"It's possible this will be the most costly bank failure in history, but it's too soon to say," FDIC Chairman Sheila Bair said in a conference call late Friday night. The failure could also affect premiums paid by all banks for deposit insurance, she added.
IndyMac, with assets of $32.01 billion and deposits of $19.06 billion, is the fifth bank to fail this year. Between 2005 and 2007, only three banks failed. And in the past 15 years, the FDIC has taken over 127 banks with combined assets of $22 billion, according to FDIC records.
"There will be increased failures, but it will be within range of what we can handle," Bair said. "People should not worry."
Court Strikes Down Emission Rule, In Blow To Bush AdministrationJuly 11, 2008 21:09 A federal court struck down a rule Friday to cut air pollution from power plants in the eastern U.S., roiling environmental markets and dealing a blow to Bush Administration policy.
The decision issued by the U.S. Court of Appeals for the District of Columbia Circuit eliminates a federal program to improve air quality in 28 states using an existing market-based system created to address acid rain.
"We find more than several fatal flaws in the rule," wrote the court, ordering the Environmental Protection Agency to write new regulations.
The EPA program faced opposition from states and the power industry, challenging in federal court the regulations finalized in 2005. Their concerns ranged from the costs of compliance to the speed at which the rules addressed pollution carried by winds across state lines.
The court decision had an immediate effect on environmental markets established more than a decade ago to reduce acid rain. The EPA rule aimed to make additional improvements in air quality through an existing cap-and-trade system established for sulfur dioxide and nitrogen oxides.
Prices dropped sharply in response to the ruling, with sulfur dioxide allowance prices trading as low as $102.50 apiece Friday after closing around $300 on Thursday, according to Evolution Markets, an advisory and brokerage for coal and environmental markets.
"Supply and demand shifted with the stroke of pen here," said Peter Zaborowsky, a managing director at Evolution Markets.
The EPA rule was to combat the movement of particulate matter from power plants in the Midwest to the East Coast by tightening the cap on sulfur dioxide emissions and establishing a new cap on emissions of nitrogen oxides. The rules would have required power plants, starting in 2010, to use two allowances instead of one to emit a ton of sulfur dioxide, nearly cutting the supply of allowances in half, Zaborowsky said.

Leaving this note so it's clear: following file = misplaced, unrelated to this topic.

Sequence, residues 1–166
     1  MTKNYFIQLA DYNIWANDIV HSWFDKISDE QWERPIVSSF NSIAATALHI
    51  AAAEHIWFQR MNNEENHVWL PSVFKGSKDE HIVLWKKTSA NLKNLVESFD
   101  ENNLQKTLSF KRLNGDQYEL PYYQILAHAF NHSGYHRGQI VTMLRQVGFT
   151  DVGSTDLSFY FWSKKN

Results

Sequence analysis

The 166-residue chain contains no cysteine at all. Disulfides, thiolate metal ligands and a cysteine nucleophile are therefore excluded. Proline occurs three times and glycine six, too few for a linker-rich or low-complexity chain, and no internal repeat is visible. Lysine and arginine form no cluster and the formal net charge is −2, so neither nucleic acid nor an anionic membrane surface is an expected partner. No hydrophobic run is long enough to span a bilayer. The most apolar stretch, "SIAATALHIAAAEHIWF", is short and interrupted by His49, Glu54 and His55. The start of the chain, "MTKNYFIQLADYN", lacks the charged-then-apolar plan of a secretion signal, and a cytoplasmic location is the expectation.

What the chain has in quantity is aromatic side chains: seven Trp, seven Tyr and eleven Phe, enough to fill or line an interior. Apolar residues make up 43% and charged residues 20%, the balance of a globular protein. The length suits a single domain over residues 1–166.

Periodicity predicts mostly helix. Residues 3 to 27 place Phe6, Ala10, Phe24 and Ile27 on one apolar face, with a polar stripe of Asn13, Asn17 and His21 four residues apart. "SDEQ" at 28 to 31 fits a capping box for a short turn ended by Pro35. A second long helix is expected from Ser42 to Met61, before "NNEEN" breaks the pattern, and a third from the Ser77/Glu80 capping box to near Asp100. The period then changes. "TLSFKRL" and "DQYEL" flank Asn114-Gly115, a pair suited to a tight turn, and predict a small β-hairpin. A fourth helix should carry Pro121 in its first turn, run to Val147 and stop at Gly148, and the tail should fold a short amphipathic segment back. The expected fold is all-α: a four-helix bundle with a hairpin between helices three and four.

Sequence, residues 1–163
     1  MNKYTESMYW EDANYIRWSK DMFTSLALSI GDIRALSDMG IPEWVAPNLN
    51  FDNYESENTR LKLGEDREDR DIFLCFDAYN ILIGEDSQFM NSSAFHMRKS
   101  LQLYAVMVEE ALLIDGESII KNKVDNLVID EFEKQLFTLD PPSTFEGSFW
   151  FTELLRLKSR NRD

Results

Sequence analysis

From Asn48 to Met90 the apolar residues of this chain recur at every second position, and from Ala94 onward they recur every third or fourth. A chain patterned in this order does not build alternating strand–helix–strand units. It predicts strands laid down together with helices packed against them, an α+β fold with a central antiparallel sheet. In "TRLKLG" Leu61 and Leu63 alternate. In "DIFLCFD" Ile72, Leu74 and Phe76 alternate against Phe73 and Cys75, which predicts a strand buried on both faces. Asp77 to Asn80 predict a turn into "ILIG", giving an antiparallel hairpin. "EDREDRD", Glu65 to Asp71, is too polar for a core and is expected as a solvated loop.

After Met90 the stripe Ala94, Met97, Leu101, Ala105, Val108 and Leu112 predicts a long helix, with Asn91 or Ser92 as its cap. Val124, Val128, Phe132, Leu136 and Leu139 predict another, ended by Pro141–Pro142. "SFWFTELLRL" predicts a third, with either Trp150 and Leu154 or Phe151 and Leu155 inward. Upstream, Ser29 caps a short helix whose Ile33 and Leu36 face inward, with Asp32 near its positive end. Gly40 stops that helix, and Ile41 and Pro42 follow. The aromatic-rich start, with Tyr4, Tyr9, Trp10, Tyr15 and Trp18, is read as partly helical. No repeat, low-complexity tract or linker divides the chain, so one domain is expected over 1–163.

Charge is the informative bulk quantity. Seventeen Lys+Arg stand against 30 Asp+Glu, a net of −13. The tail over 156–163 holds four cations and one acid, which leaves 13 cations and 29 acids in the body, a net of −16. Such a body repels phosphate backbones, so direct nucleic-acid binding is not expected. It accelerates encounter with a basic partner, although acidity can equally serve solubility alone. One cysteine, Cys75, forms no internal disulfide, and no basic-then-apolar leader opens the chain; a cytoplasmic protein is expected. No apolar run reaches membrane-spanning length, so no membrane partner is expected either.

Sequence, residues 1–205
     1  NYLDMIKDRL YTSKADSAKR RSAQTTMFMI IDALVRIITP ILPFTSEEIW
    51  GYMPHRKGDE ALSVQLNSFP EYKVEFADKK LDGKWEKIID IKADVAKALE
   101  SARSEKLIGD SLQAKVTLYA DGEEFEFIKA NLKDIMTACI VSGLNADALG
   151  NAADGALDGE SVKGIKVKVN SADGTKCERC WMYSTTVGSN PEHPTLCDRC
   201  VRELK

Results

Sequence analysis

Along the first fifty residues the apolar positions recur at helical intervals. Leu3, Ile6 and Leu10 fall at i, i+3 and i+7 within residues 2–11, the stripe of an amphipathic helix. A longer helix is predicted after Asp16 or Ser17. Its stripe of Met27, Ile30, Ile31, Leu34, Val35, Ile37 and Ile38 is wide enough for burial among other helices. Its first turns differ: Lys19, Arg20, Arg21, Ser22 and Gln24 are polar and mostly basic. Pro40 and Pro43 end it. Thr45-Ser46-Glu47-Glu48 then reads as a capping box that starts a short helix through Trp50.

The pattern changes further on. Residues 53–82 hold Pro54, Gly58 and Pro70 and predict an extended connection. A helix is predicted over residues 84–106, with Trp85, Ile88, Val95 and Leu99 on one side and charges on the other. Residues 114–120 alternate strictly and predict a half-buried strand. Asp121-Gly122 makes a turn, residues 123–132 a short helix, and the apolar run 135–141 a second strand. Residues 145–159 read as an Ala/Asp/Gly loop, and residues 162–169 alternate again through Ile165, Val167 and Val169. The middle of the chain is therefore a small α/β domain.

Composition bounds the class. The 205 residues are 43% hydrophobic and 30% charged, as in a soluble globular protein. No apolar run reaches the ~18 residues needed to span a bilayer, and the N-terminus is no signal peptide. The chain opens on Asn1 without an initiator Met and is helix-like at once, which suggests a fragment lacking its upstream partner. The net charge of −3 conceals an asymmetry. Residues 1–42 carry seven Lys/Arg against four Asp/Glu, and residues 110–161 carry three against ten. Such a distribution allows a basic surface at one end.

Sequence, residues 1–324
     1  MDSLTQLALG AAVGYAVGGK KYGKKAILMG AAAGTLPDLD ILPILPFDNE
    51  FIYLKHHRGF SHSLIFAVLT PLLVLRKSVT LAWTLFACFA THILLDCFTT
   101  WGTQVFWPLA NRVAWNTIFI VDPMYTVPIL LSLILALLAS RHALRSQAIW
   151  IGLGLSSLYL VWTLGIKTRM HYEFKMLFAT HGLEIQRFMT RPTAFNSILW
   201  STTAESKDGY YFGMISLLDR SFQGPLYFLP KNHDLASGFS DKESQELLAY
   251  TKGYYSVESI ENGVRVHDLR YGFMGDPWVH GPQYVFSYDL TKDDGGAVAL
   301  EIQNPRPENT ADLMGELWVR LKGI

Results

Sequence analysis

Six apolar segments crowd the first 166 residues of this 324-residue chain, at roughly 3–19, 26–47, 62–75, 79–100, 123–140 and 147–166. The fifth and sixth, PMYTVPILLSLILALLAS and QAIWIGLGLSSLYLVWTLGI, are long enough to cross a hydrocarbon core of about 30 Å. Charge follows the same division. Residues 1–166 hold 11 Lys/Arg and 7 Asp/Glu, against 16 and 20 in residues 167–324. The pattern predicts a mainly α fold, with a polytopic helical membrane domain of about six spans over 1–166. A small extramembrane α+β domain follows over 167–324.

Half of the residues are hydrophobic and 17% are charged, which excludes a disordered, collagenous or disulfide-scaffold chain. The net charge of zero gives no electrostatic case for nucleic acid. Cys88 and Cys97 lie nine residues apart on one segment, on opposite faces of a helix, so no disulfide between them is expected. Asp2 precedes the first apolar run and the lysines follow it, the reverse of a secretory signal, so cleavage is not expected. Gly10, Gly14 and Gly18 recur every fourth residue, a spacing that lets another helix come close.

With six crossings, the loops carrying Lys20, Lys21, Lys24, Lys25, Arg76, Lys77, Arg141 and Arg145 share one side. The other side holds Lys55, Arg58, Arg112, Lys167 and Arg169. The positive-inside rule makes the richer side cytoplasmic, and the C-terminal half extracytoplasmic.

The ruling went in favor of the power industry, with Duke Energy Co. (DUK) and other utilities saying the EPA regulations would have increased costs because allowances would have been allocated unfairly. At the same time, states applauded the ruling, saying the decision eliminated an EPA program that failed to adequately address the issue of air pollution.
"The irresponsibly weak and worthless EPA rule allows power plants in upwind states to spew harmful emissions for years, delivering their dirty air to Connecticut and other states deprived of achieving national air quality standards," Connecticut Attorney General Richard Blumenthal said in a press release Friday.
Fannie, Freddie Turmoil May Hike Rates, Slow RecoveryJuly 11, 2008 21:07 A failure or government bailout of Fannie Mae and Freddie Mac could push mortgage rates above 7 percent for the first time in six years and delay a recovery in the U.S. housing market.
Home loan rates would go up by one percentage point, to about 7.3 percent, if the companies failed because borrowers would have to pay private market rates, said Keith Gumbinger, vice president of mortgage research firm HSH Associates in Pompton Plains, New Jersey. Even if the government steps in, rates could gain as much as half a percentage point as the cost of selling mortgage-backed securities rises, he said.
Fannie Mae and Freddie Mac, which own or guarantee about half of the nation's $12 trillion of home loans, have lost about half of their market value in the past week on concern the companies have insufficient capital to cover losses on mortgages they hold. The turmoil may limit the companies' role in reviving the housing market, said Mark Zandi, chief economist for Moody's Economy.com in West Chester, Pennsylvania.
``We were all counting on Freddie and Fannie to step up and get the housing market rolling again, but they've been completely overwhelmed by the subprime tsunami,'' Zandi said in an interview.